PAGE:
I’d heard writers talk about the fear, but never understood what it was? Was it a worry the words would dry up? A deep concern the book wouldn’t sell? That your mojo’s having way too much fun sunning itself on the deck to consider returning from its winter cruise?

There’s another option: All of the above. And more.

At the beginning of September, my second Choc Lit novel was sent out into the big, wide world, as a paperback – my first. Follow Me Follow You, an issue-driven romance, went on tour courtesy of my publisher and through Brook Cottage Books.

It was a fantastic, positive experience, with the book receiving incredible reviews which blew my socks off. Follow Me Follow You was selected as an editor’s choice on Lovereading.co.uk  and was one of their featured books for September, Tome Tender Book Blog left me speechless with their wonderful words, and I’ve been overwhelmed by the Amazon reviews.

The book was and is out there doing exactly what I’ve asked of it.FM_new flat front 300dpi

Now, before this starts to look like the exercise I mentioned earlier, (although in reality, it would be a recorder, not a trumpet) let me explain.

As I sat at my desk, in the corner of my kitchen, fingers poised above the well-used keyboard, determined to continue writing book 3, I was hit by the fear. Only, I didn’t know it was the fear. It wasn’t like Lily Allen’s song – I wasn’t concerned by materialism or celebrity – I was hit by a truckload of ‘what ifs?’

What if I’d used all my best ideas in Follow Me? What if I’d already used every last drop of emotion I could muster? What if I couldn’t capture the reader’s imagination? What if I couldn’t find original ways for my characters to express themselves? What if I repeat myself? What if book 3 is rubbish?

And the biggie: What if I let the reader down?

I removed myself from the corner of the kitchen, plonked myself down in the living room and allowed the ‘what ifs?’ to zip round my head like they were driving the wall of death. After a while of getting nowhere, other than dizzy and anxious, I called upon my lovely, supportive Romaniac friends.

‘I think I’ve been gripped by the fear,’ I said. But I didn’t really know, because it wasn’t something I’d grappled with before.

Their individual and collective advice was, as ever, sound, sensible and solid. And, as ever, they made me laugh. I was instructed to get something to eat and take a little time out. My nose had been to the grindstone, and I needed a break. They were right. I had to ‘refill the well’, as the fab members of the RNA say.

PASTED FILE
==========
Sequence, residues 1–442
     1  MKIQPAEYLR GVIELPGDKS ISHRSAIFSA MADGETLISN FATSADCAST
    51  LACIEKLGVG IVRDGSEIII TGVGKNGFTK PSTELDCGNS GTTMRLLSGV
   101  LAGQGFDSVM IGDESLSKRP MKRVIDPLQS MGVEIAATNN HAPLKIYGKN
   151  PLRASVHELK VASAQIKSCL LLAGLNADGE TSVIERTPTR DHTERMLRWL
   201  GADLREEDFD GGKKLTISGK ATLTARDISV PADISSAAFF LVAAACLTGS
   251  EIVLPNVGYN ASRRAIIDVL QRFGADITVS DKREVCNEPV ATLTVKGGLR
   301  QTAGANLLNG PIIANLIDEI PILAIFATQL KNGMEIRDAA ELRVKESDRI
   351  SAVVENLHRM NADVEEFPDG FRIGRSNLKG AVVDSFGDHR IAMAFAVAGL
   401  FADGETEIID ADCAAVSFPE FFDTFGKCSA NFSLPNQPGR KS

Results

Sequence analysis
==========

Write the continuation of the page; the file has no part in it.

Later that day, I spoke with Gajitman, who offered a considered and practical approach, and kind reassurance that none of all of the above was going to happen.

The next morning, I met with a friend for coffee, who hit the nail on the head, putting the fear into a succinct five-word statement. ‘You are afraid of failing.’

And there it was. I was afraid of failing. Failing the reader, failing my publisher, failing my family and friends, and failing myself.

I’d never experienced this. I’d been brought up to always do my very best and that was the reward, regardless of the outcome.

I will do my very best – it’s who I am, it’s in my DNA, but what if my very best isn’t good enough? What then?

And that’s my fear.

IMG_6127It was scary out there for a while, but I have settled back into writing book 3, and I’m pleased and relieved to say the fear has passed, and now I know the signs, I’m better equipped to tackle it should it dare to show its ugly face again.

In the same way we all take something different from song lyrics, I suspect the fear is different for each and every one of us.

What are your experiences of the fear?

Laura x

Divine Moments

At Romaniac HQ we’re fond of creative lightbulb moments. The times when an idea pops up and we can all sit down with a cosy cuppa and a slice of cake and discuss whether it’s actually a good idea or if in fact, one (or all) of us have finally lost the plot.

So when these arrived…

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We quickly shared them out at HQ and decided to share when our divine lightbulb moments occur: